Posts Tagged ‘USPTO’

Sequenom’s En Banc Petition

Friday, August 14th, 2015

Sequenom’s Petition for Rehearing En Banc – Panel Ignored “Inventive Concept” in Combined Steps of the Claimed Method

mandmsFor any of us practitioners encountering increasing numbers of s. 101 rejection rejections of diagnostic claims based on Mayo and the March 2014 PTO Guidance – and that is pretty much any life sciences patent attorney – this brief is a “must read.” (A copy of this brief is available at the end of this post.) This brief puts it all out there, both criticizing the panel, proposing a new rule for method claims incorporating natural phenomenon and illustrating how the panel’s application of the Mayo Rule threatens method of medical treatment claims as well as diagnostic method claims.

If I start trying to summarize the Brief, I will not be able to stop. Instead of arguing that the Mayo Supreme Court decision was wrong, the Brief distinguishes the regimen claims in Mayo from the Sequenom claims – that were based on the discovery of cffDNA in maternal serum which, in turn permitted the non-invasive determination of the condition of the fetus. The opinion of the Brief’s authors is that the Sequenom claims adhere to the rationale of Diehr, a decision ignored by the panel. I will quote two paragraphs below, but picking just one to quote is like having to stop after eating a single M&M or one potato chip – nearly impossible:

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Patent Office Publishes Subject Matter “Update”

Thursday, July 30th, 2015

updateToday (July 30th), the Patent Office released an 11 page “July 2015 Update” on patent-eligible subject matter (or not). (A copy of the update and appendices can be found at the end of this post.) Most of the “Update” focused on clarifying the December 2014 revised guidance. Also released were new examples 21-26–including ones modeled on Flook and Diehr. None of the new examples related to the life-sciences. Also released were an Appendix 2 that indexed all of the examples released since December 2014, and an Appendix 3, summarizing all of the case law discussed.

So if you are a life sciences person, you need only peruse the “Update.” It spends considerable space discussing how to apply the December 2014 Guidance, but the takeaway is that you need to rebut the natural product exception with a showing of markedly difference characteristics (2A) or else you fall into the dreaded “significantly more” circle of Hell called 2B. There is also some attempt to clarify the role of the “Streamlined Analysis” and preemption, that I don’t think clarified anything and that Examiners ignore anyway.

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“If Wishes Were Horses” – Roberts’ Dissent from Myriad

Monday, June 29th, 2015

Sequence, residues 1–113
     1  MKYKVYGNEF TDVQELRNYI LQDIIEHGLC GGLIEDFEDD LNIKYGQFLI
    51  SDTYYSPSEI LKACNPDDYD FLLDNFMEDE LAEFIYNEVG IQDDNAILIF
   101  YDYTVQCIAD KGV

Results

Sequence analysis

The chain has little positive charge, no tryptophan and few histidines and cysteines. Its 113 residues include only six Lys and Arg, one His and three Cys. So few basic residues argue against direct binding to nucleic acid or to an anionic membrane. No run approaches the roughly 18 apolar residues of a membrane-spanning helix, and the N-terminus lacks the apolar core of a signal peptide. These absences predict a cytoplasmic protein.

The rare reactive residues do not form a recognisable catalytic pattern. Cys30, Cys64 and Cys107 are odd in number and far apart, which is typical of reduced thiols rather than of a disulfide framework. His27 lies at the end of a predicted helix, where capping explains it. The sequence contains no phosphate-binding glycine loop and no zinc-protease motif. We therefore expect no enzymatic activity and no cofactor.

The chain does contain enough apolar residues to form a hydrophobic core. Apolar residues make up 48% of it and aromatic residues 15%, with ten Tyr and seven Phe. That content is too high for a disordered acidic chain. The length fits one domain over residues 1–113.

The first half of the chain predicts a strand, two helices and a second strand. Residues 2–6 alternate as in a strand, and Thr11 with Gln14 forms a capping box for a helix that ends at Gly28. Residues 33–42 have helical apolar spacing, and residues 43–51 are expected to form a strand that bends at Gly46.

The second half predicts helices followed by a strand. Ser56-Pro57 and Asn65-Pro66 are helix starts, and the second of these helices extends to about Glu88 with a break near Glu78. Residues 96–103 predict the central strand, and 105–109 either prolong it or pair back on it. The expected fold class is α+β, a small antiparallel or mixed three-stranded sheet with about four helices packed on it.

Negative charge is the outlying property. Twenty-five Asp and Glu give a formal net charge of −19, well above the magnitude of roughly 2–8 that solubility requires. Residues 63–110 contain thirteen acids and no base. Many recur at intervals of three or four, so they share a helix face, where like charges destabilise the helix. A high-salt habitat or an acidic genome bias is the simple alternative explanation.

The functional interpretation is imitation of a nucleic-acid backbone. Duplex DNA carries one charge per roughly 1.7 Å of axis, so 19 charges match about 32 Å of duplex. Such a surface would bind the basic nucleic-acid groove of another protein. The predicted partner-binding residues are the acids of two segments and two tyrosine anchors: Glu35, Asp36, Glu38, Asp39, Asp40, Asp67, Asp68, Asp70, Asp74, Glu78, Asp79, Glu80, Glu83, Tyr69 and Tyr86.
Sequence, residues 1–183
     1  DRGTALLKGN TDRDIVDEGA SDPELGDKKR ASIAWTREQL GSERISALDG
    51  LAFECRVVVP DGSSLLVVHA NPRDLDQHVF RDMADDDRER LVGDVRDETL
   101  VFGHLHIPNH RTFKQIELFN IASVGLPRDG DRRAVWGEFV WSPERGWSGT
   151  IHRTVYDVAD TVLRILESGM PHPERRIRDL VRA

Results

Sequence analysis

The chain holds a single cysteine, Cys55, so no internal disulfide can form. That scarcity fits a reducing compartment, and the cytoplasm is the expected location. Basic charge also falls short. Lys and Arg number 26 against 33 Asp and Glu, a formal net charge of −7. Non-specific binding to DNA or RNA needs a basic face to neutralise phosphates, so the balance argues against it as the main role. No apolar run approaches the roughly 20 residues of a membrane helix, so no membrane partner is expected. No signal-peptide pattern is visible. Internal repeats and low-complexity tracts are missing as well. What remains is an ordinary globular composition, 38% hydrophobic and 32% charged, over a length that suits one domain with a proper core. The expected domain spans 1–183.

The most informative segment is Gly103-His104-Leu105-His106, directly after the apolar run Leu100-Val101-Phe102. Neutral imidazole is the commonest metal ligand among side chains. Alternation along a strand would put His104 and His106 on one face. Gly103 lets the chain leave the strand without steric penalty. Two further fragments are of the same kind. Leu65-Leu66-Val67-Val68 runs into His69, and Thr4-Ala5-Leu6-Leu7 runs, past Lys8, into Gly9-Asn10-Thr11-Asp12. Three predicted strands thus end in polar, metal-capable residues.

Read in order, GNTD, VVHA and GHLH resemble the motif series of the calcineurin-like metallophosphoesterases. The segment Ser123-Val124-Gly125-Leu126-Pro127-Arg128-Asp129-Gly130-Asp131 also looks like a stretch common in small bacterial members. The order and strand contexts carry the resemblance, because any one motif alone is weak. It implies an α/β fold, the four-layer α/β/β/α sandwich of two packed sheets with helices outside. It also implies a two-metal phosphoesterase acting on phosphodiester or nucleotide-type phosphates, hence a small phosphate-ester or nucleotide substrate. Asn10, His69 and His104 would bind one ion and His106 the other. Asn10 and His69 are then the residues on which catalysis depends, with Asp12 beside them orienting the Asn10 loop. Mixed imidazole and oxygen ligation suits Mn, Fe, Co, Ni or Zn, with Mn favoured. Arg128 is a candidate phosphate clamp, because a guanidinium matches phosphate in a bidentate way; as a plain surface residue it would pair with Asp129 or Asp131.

horses2After reading Obergefell v. Hodges, 576 U.S.___(2015), (a copy is found at the end of this post) I was struck by Justice Robert’s dissent – which excoriates the majority for legislating from the bench and basing its opinion on “social policy.”

In AMP v. Myriad, Justice Roberts joined in a unanimous opinion holding that segments of DNA are patent-ineligible “natural products,” reversing a Fed. Cir. panel decision that held DNA to be patent-eligible as a novel chemical molecule.

But what if Justice Roberts disagreed with his brethren and penned a dissent? I have repeatedly taken the position that Myriad was decided on policy grounds, which required the Justices to decide that a novel chemical compound is not a “composition of matter” under s. 101, but is something else.

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Apotex Petitions Supreme Court to Review Therasense Standards

Thursday, May 21st, 2015

Magnesium SaltIn Apotex, Inc. v. UCB, Inc., Appeal No. 2013-1674 (Fed. Cir. August 15, 2014) the court affirmed the district court’s ruling that one actor, Dr. Sherman, the chairman of Apotex had committed inequitable conduct by engaging in what the court found was a perfect storm of misrepresentations during the prosecution of U.S. Pat. No. 6,767,566 that claimed a method to make the magnesium (Mg) salt of Moexipril. The Fed. Cir. found that Dr. Sherman, the named inventor on the application withheld prior art, mischaracterized the cited art in arguments and via a Rule 132 Declaration, and included examples in the application that had not been performed. In fact, this was characterized as an attempt to patent a competitor’s drug.  The  competitor, UCB, had listed in the Orange Book, as the hydrochloride salt – although the court found that Dr. Sherman was aware that the process disclosed in the listed patent, U.S Patent No. 4,743,450, would yield the Mg salt of Moexipril, which imparted substantial stability. The Fed. Cir. agreed with Apotex that Dr. Sherman had no duty to disclose his own suspicions or beliefs regarding the prior art (that he suspected that the ‘450 process would in fact yield the stable Mg salt) but rested its holding on its opinion that Dr. Sherman “affirmatively and knowingly misrepresented material facts regarding the prior art.” Slip op. at 15.

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